News

Zombies take over CBD, leaders get locked up for youth

Gladstone’s first Zombie Quest Walk took place on Saturday as part of the region’s National Youth Week activities.
Gladstone’s first Zombie Quest Walk took place on Saturday as part of the region’s National Youth Week activities.

ZOMBIES taking over the central business district and citizens being locked up in shopping centres are the norm in Gladstone - at least during National Youth Week.

Gladstone Regional Council youth development officer Vernetta Perrett said more than 400 young people participated locally in the week's events.

On Saturday morning PCYC supporters and volunteers were detained in a mock jail cell at Stockland Gladstone.

To be released they had to raise bail as part of the Time4Kids fundraiser, with donations going towards youth development programs and prevention of youth crime.

Mac Hosking, owner of Hosking Pools, was by far the most mischievous detainee.

"You've got to hammer them," he said of his tactic to get passers-by to donate.

It was the first year he had taken part in the program, which is in its fourth year.

Mr Hosking said it was an enjoyable experience for a good cause. Four months of planning went into the fundraiser.

Gladstone PCYC youth worker Anna Witty said a lot of people didn't realise the PCYC needed to raise funds for all its free programs, as well as for the wages of workers.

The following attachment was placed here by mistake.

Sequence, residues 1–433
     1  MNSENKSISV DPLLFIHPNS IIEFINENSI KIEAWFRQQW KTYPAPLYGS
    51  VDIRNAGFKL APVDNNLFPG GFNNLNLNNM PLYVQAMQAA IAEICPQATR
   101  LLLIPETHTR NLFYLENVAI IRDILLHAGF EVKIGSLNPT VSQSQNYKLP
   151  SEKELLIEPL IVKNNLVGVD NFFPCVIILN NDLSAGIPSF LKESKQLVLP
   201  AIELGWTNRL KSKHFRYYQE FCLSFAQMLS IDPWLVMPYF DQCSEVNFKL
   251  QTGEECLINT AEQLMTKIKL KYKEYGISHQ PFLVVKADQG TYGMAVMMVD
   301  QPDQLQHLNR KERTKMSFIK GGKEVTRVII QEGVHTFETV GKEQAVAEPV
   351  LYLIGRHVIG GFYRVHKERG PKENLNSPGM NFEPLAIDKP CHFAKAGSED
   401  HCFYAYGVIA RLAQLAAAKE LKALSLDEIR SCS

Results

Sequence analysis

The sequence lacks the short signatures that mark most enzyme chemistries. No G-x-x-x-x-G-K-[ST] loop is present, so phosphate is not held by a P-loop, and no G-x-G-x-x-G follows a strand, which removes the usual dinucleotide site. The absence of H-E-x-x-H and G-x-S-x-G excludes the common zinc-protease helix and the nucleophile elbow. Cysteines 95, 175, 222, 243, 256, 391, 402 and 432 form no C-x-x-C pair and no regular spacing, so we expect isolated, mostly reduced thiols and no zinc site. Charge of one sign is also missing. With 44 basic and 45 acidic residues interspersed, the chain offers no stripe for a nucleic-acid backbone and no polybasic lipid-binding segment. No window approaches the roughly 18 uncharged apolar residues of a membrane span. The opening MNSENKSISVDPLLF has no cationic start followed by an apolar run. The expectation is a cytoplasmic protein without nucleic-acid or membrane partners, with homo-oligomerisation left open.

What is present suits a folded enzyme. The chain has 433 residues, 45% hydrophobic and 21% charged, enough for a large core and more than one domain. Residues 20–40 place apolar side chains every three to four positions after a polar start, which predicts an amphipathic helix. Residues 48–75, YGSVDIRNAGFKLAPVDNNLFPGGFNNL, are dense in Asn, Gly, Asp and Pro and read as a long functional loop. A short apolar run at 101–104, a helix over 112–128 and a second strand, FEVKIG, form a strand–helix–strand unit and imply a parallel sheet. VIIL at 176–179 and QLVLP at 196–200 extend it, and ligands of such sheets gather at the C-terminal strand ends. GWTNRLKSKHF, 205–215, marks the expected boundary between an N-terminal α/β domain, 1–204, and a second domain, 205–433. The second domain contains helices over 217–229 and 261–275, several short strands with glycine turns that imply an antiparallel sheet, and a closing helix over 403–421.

"It does take some funds to make a difference," she said.

Ms Witty said there were a lot of youth helpers at the event, which was fantastic to see.

"It's been a really accessible youth week," she said.

This sentiment was echoed by Ms Perrett, who said more older youths took part this year, in comparison to previous years.

"We've tried to engage the older ones in activities," she said.

Imogen Stoneley, 4, helps community member Mac Hosking raise bail after he was locked in a mock jail.
Imogen Stoneley, 4, helps community member Mac Hosking raise bail after he was locked in a mock jail.

One activity that attracted a range of ages was the Zombie Quest Walk on Saturday afternoon.

Participant Sherrie Stansfield's zombification was awe-inspiring.

It took the 21-year-old about an hour to create her make-up, which she learnt to do by watching a step-by-step online tutorial and by trial and error.

She had previously attended a zombie walk in Brisbane and even has a zombie tattoo.

"There should be more stuff like this for the younger generation," she said.

Fellow participants Emily Leed and Rachel Cross, both 16, agreed there should be more recreational activities for older youth.

"It would keep a lot of teenagers from going out partying if there was more to do," Rachel said.

The pair assembled their costumes from materials they found at Woolworths and Bunnings.

"It's a social outing; it's better than sitting at home," Emily said of their decision to join in.

Despite National Youth Week finishing, it's not the end of opportunities for younger members of society to have their voices heard.

"We'll continually consult them," Ms Perrett said.

"We're open to new ideas all the time."

Ms Witty said that it was important for youth to become involved with the PCYC so they could continue to embrace the National Youth Week 2014 theme: Our Voice. Our Impact.

"They can turn Gladstone into what they want it to be," she said.

The week, which ended on Sunday, celebrates children and young people aged 12 to 25 years old.

Topics:  gladstone cbd, gladstone pcyc, youth week, zombie walk



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